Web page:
Bob Hawke made a big impact on the country during his time as prime minster and now it looks like Australia may see another member of the family follow in his lead with granddaughter Sophie Taylor-Price admitting she may step into politics in the future.
Speaking to The Australian about how Hawke has influenced her life Sophie, who is currently the senior manager at EY’s Climate Change and Sustainability Services, said she has had a few questions about becoming a politician since her grandfather’s emotional memorial service.
The talented granddaughter described politics as a “very admirable way of doing public service”, but explained it’s something she won’t follow through with just yet.
“It’s something I’ve always been interested in but for me, now is not the right time in my life,” she told The Australian.
“And if I was to go into it, I’d go into it not as a career politician but as somebody who brings a sort of broad external experience and perspective and it’s something that I’ll consider in the next phase of my life.”
Sophie continued by explaining she wouldn’t rule out following in her grandfather’s footsteps, but explained she’s not launching any campaigns soon.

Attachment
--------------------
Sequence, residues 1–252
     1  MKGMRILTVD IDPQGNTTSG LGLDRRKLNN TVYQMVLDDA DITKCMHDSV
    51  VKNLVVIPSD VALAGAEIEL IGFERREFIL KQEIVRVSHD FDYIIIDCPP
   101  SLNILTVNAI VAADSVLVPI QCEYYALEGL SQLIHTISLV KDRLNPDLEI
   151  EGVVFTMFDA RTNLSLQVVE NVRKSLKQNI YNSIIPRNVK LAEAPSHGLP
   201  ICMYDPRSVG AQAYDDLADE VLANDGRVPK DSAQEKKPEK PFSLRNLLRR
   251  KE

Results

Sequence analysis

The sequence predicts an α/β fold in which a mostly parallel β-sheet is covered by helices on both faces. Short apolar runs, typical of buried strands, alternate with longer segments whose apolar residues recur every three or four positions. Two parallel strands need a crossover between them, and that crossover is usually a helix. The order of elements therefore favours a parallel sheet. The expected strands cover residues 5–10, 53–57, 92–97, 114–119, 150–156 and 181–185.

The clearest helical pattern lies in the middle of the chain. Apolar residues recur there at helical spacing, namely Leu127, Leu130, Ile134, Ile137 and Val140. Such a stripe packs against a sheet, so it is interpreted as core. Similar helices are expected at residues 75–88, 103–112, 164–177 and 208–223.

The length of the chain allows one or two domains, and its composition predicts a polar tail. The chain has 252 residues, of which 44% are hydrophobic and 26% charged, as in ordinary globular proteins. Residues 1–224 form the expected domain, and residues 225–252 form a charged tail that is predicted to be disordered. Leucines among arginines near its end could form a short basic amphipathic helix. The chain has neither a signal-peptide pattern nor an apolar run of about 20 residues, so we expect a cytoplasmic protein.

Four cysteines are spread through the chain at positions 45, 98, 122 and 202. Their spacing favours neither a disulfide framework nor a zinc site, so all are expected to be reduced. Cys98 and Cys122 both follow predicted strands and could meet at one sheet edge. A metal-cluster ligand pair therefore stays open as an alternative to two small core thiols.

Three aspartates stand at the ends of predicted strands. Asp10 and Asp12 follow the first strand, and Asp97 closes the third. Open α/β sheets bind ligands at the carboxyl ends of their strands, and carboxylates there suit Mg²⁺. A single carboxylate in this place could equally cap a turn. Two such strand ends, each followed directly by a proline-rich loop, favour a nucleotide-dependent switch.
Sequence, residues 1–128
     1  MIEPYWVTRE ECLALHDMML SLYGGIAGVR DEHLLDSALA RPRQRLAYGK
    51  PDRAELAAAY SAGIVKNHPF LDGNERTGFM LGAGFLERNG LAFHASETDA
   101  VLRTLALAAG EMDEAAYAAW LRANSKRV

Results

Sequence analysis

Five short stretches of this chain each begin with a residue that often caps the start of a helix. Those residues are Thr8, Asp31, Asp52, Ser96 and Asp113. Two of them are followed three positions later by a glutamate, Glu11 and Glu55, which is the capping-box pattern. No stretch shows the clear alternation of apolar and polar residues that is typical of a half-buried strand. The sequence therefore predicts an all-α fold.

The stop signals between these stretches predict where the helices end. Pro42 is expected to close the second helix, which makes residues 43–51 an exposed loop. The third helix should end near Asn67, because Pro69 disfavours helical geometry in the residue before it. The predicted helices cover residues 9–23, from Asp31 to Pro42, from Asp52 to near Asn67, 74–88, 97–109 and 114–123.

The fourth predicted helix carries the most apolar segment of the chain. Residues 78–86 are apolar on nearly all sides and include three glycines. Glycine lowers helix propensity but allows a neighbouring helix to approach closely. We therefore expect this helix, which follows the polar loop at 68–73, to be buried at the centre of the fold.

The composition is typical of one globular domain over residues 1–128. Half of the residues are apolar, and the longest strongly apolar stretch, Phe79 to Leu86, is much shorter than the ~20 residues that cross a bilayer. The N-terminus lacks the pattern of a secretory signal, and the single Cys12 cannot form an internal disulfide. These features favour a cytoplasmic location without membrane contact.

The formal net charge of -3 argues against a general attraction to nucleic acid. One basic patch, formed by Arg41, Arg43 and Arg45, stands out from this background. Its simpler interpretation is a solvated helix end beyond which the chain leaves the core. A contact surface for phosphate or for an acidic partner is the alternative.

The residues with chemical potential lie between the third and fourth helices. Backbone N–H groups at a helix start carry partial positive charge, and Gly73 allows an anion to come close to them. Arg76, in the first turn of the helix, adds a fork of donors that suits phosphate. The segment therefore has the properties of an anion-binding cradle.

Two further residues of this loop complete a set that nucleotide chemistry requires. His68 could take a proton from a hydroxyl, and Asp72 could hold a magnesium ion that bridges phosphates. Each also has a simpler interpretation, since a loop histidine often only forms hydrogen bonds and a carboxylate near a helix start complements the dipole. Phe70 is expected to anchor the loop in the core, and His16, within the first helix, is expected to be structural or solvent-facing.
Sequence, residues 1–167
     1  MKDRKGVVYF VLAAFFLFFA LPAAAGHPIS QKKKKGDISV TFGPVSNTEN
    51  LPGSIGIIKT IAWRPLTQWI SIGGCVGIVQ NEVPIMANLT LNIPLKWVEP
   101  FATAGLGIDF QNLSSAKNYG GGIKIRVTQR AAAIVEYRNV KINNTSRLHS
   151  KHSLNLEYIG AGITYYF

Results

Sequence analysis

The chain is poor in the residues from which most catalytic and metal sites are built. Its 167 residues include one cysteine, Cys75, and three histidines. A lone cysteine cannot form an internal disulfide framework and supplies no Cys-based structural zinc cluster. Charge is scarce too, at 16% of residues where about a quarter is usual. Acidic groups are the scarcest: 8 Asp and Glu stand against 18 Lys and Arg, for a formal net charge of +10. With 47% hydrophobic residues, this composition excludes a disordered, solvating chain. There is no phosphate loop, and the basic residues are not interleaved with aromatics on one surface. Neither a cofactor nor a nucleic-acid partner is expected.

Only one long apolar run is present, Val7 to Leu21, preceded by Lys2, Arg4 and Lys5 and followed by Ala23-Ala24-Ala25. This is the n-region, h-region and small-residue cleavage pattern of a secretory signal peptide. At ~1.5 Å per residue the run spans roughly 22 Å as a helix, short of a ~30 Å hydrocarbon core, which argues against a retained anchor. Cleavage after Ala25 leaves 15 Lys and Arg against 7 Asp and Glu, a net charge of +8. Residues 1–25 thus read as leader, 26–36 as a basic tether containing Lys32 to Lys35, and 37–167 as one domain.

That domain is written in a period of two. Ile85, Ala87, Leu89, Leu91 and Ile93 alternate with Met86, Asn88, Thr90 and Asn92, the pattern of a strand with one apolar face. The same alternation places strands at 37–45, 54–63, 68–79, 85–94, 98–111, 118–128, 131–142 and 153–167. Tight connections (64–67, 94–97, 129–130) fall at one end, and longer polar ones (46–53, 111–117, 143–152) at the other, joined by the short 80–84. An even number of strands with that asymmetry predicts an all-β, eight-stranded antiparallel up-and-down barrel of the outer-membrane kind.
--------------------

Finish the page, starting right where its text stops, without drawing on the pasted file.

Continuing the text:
Delving into her thoughts on what she’d be like as a politician the granddaughter said she’s not sure if she has the “toughness” for the position as she cares about people too much.
“I’m an active member of the (Australian Labor) party and there are some things about being a politician that I think I would be good at and there are some things that I think would be challenging for me,” she explained to the publication.
“I am naturally introverted. I care too much about what people think. I think there’s a toughness that’s needed and it’s just a question of whether you take that on and it’s a serious question that I’m asking myself.”
Sophie’s comments come after it was revealed Hawke’s daughter is reportedly set to launch legal action against her stepmother Blanche D’Alpuget after a row is said to have broken out over the contents of the former PM’s will.
The 58-year-old – whose mother was Hawke’s first wife Hazel Hawke – received a sum of around $750,000 from her father’s estate, reports the news outlet, under an agreement which was penned separately to her father’s will.
The same amount was reportedly also paid to Rosslyn’s siblings Susan Pieters-Hawke and Stephen Hawke, along with D’Alpuget’s son Louis Pratt, following Hawke’s death in May. It has been claimed that no further provision was made for Hawke’s three children, with everything going to Blanche.
According to reports, the case looks set to proceed to the New South Wales Supreme Court, unless both parties can come to a private agreement.
Read more: Blanche d’Alpuget leads emotional tributes to Bob Hawke in moving service
Rosslyn has employed Sydney family law specialists Tiyce & Lawyers to represent her, however they declined to comment on the matter.